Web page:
Anyway, by the time we arrived here it was getting quite late but we had already planned for this by making an advanced booking at a local hotel for the night a few weeks prior to the trip. We all met up there and trundled down the road to a local MacDonalds for coffee, cake and chat. I might also add at this point that the people watching aspect of such a place is good value for money too as you watch people coming home from nightclubs, police and other services coming in for breaks and the like. Oh and get this, this particular MacDonalds was a 24 hour affair too, something we don’t have back in England, even though we seem to excel in 24 hour shopping and other things, 24 hour happy meals is not one of them. And by now, it was almost three in the morning when we finished up and returned back to our hotel after making arrangements to meet up again with Cath the following morning for a meal or something more than just a good old chinwag.

HIGHLIGHTS AND LOWLIGHTS

Obviously, our new found company was a definite highlight, as was the coffee and cake we had together  that night. But along with the highlights we experienced, we suffered some pretty bad lowlights too, the first being the hotel room we had booked.


“I have stayed at other Formule1 hotels and they are much better than this.
When I arrived I was told that they weren't doing breakfast due to renovations (would have been nice to be notified when I booked) I was given a room with an air conditioner that had an air freshener stuck in it to make it smell nice. The carpet on the floor was stained and the very old tv had the worst reception I have ever seen. Even the pay tv channel was very snowy. 
If going to Newcastle, stay elsewhere.”


This was not a review left by us but it came pretty damned close. For a one night stop over it would have been ok if it had at least been clean which it wasn’t and yes the air conditioning unit in our room too, had one of those magic tree, vanilla flavoured car air fresheners stashed within its grilles. Unfortunately, we only found this review site after the event and yes it was cheap, but for only a few dollars more, we could have had a lot better.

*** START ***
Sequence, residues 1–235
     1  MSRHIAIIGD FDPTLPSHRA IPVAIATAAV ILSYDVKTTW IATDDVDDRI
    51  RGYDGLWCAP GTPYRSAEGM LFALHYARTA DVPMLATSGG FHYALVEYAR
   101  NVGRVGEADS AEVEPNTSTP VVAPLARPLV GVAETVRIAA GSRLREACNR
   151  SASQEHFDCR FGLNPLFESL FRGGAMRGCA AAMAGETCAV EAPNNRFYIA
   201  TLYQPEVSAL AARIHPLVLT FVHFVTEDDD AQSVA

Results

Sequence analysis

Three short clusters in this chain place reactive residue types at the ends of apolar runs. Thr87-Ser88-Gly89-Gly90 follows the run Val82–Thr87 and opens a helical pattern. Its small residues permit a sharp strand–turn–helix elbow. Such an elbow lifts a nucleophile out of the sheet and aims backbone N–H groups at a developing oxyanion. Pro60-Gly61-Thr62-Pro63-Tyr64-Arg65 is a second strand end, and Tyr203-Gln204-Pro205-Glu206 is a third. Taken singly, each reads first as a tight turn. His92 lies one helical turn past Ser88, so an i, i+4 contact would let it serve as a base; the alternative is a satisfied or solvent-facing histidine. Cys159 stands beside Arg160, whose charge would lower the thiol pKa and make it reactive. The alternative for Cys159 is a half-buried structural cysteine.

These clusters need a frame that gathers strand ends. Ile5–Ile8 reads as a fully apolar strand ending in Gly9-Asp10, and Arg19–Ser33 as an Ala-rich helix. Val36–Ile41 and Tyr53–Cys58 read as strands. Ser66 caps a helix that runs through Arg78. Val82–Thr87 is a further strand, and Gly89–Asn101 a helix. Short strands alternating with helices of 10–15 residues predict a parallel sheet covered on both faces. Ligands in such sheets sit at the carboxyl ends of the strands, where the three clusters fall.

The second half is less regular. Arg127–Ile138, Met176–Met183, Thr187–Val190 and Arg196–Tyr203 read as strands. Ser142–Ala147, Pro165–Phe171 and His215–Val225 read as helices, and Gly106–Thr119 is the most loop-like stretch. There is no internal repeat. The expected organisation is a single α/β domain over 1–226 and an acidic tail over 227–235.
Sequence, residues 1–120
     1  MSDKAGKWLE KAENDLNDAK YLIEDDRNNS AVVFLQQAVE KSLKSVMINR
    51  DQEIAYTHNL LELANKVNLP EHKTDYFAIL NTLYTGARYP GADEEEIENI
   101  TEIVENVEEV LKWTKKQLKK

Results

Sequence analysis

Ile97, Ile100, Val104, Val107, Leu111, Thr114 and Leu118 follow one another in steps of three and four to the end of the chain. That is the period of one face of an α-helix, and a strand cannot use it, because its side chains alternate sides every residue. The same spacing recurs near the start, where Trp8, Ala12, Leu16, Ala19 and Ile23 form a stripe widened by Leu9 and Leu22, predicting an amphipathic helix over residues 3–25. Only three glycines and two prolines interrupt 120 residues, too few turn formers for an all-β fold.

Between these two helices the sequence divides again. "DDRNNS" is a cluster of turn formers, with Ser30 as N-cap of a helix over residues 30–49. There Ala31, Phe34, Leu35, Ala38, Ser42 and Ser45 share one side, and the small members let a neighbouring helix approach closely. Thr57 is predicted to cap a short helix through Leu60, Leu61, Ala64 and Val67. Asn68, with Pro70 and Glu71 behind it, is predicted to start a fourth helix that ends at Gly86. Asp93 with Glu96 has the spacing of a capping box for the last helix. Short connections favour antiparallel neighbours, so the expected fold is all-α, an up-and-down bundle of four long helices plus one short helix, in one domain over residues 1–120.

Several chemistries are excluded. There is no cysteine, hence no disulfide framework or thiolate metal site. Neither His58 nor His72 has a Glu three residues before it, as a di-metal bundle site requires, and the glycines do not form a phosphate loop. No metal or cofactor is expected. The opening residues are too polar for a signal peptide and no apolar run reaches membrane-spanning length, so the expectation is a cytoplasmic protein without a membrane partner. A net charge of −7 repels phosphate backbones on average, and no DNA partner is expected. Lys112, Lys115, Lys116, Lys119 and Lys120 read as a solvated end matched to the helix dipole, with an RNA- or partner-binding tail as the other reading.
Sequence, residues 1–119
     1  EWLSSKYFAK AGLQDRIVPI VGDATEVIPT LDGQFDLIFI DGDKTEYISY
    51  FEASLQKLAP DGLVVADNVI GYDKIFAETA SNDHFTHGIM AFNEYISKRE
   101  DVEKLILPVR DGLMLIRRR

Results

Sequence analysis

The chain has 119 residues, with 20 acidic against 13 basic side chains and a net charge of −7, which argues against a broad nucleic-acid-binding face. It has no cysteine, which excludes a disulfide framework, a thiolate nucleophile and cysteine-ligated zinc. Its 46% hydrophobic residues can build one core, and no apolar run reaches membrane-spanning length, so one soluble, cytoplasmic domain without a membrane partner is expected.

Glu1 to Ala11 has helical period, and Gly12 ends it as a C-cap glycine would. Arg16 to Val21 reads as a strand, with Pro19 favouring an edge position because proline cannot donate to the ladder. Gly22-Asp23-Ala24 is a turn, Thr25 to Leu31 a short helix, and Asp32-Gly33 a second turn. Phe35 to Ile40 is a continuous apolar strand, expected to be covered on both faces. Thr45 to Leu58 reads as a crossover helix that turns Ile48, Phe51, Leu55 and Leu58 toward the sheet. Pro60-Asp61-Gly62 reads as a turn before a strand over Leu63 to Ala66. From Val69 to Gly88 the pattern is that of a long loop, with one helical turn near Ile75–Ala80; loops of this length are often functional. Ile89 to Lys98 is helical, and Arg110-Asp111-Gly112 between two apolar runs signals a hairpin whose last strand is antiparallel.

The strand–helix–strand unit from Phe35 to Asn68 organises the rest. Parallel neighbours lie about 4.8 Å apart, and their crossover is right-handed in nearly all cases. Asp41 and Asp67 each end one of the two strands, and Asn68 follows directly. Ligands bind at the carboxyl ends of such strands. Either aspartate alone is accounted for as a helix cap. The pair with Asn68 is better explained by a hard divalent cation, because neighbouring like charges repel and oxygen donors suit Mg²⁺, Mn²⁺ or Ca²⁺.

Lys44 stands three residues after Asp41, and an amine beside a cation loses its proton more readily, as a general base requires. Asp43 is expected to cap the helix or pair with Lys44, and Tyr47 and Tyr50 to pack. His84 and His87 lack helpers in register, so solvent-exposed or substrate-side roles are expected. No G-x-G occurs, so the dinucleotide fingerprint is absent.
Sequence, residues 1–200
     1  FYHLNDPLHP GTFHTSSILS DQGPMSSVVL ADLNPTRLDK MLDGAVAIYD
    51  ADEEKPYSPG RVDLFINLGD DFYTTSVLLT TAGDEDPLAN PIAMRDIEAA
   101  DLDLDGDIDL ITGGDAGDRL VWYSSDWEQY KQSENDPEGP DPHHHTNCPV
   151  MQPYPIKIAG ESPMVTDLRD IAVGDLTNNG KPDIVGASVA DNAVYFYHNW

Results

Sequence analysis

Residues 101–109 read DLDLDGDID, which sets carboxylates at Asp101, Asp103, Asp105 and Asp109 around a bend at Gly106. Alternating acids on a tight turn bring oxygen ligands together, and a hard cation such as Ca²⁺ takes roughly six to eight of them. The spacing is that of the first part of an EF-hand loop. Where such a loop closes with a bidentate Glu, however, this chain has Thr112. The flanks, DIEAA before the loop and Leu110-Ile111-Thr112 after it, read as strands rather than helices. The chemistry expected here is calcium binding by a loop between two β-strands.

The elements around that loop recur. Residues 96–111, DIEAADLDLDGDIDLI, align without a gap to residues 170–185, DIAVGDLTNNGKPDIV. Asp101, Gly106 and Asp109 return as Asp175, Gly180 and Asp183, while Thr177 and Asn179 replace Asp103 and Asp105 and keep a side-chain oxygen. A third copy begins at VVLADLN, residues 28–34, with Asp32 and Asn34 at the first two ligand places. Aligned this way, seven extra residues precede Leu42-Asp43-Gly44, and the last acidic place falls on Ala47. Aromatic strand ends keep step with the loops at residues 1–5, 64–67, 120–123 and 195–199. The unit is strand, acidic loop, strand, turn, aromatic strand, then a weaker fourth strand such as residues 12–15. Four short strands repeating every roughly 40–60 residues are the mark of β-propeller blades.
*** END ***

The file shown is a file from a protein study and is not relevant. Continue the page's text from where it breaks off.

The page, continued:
Having survived the night though, we went to meet up again with Cath and chose a bay-side restaurant for the breakfast that was suddenly deemed unavailable back at the hotel. Highlight... bacon, lowlight... coffee machine was broken. Bad enough in itself, but we also had to wait just shy of an hour before the bacon turned up too. So there we all were sat at an outdoor table in the roasting heat of the clear blue skies over Newcastle. But the food was good when it eventually did turn up.


Click here for the full Newcastle photo album
After the food came the biggest highlight of them all. A trip along the length of Newcastle beach. And the scenery there is absolutely gorgeous. Neither was it so busy it would have been impossible to move like Britain's Blackpool beach front often gets. To date this was to prove the highlight of the whole trip and I would definitely recommend it. Even though Cath (a native of the area) reckons we should all keep it quiet so it remains the oasis of tranquility it appeared to be for our visit.

The trek up and down the beach took little more than an hour to complete and even though it was the cream of the crop as far as excursioning was concerned, it did however hold a final lowlight in tow. To learn more about this, you will have to read the further blog entries as it has quite a bearing on how the rest of the journey unfolded.

WHO ATE ALL THE PIES?

As an aside for a moment, it is worth noting too (especially after the pie shop fiasco in Yatala) that Australia has a few more 'Famous' pie vendors along it's Eastern coastal regions.



For instance, on our way out to Newcastle we happened across Fredo's Pies in Coff's Harbour again and later came across Harry's Cafe de Wheels for his 'world famous' pie and peas. Naturally, I had to give them a go.


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Its my own fault really, its all about what I see in the world, and how it all translates for me.